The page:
Lufthansa has taken delivery of its first Boeing 787-9, as the airframer resumes deliveries of the type to European customers after a hiatus of more than a year.

The aircraft, registered D-ABPA, is the first of 32 787s that Lufthansa has on order. The German carrier will initially deploy the aircraft on domestic German routes for training, before operating it to Toronto.

Lufthansa expects deliveries for the remaining 787s to run from this year to 2027. In May, it ordered seven more 787-9s to help offset the delay in 777-9 deliveries, which it has 20 examples on order.

Lufthansa 787-9

Source: Lufthansa

Boeing in early August resumed deliveries of the 787 after a production pause owing to manufacturing quality issues largely involving gaps between fuselage sections being larger than specified.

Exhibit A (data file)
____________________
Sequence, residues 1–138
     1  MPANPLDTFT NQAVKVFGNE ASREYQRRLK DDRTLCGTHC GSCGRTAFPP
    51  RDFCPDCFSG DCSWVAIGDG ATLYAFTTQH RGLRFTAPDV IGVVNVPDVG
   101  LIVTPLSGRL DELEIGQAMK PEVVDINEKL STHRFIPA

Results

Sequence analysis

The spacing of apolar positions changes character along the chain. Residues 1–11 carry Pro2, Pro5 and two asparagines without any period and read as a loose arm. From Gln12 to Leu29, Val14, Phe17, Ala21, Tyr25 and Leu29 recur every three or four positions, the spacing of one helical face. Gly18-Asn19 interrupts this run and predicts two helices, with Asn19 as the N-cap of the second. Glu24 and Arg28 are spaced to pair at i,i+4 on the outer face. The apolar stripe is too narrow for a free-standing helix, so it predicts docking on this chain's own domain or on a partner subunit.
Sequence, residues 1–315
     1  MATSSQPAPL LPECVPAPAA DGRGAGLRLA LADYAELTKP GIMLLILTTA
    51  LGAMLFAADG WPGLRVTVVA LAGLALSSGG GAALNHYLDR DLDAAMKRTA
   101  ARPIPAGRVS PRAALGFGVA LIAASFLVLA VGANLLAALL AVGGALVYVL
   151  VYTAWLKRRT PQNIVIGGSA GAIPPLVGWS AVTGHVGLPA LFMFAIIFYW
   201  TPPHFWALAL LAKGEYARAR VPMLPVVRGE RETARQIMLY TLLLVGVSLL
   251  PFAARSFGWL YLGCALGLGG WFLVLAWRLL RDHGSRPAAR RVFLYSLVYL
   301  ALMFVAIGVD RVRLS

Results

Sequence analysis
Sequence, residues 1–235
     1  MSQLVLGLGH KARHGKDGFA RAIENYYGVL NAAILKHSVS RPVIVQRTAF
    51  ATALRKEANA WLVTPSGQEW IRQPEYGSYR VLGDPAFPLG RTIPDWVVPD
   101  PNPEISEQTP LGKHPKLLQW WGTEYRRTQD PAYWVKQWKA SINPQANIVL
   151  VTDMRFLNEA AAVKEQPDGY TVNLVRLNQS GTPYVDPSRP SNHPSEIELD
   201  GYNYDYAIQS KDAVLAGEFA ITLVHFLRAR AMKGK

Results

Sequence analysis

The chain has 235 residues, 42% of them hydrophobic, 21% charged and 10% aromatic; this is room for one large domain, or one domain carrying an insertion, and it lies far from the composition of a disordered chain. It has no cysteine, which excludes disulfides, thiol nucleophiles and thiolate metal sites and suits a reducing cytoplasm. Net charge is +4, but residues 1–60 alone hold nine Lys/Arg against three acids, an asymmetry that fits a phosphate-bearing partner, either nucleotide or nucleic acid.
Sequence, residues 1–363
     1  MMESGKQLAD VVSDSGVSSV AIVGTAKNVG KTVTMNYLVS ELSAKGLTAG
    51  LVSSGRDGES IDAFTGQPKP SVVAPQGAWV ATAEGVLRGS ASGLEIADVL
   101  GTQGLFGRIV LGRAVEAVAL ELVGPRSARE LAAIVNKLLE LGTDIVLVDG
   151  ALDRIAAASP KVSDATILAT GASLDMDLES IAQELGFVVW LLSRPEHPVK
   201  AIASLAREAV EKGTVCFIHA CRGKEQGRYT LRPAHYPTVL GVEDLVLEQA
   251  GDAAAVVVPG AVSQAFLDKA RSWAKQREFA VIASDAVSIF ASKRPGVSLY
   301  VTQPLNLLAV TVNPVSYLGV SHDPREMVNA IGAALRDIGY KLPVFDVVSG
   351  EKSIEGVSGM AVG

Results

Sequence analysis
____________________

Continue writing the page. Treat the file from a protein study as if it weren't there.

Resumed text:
Following the green light from the US Federal Aviation Administration, Boeing delivered a Boeing 787 to American Airlines.

The arrival of Lufthansa’s first 787 marks a restart in European deliveries, notes Boeing Commercial Airplanes chief Stan Deal. Other European customers with commitments to the type include British Airways and KLM.

Separately, Lufthansa’s cargo unit will beef up its narrowbody freighter fleet, with the imminent arrival of a second Airbus A321 passenger-to-freighter (A321P2F) jet.

The aircraft, registered D-AEUA, is undergoing conversion work at ST Engineering’s facilities in Singapore, and will join the fleet this year.

Another two more A321P2Fs will be added in 2023, says Lufthansa Cargo, which took delivery of its first example in March this year.

The new aircraft will be operated by Lufthansa Cityline under a wet-lease arrangement, and will operate intra-European cargo routes, including from Frankfurt to London, Madrid and Istanbul.

Lufthansa Cargo commercial chief Ashwin Bhat says: “I am very pleased about the expansion of our A321 freighter network and capacity. Complementing our 777F and belly capacity, we can now offer even shorter transport times within European and to selected medium-haul destinations.”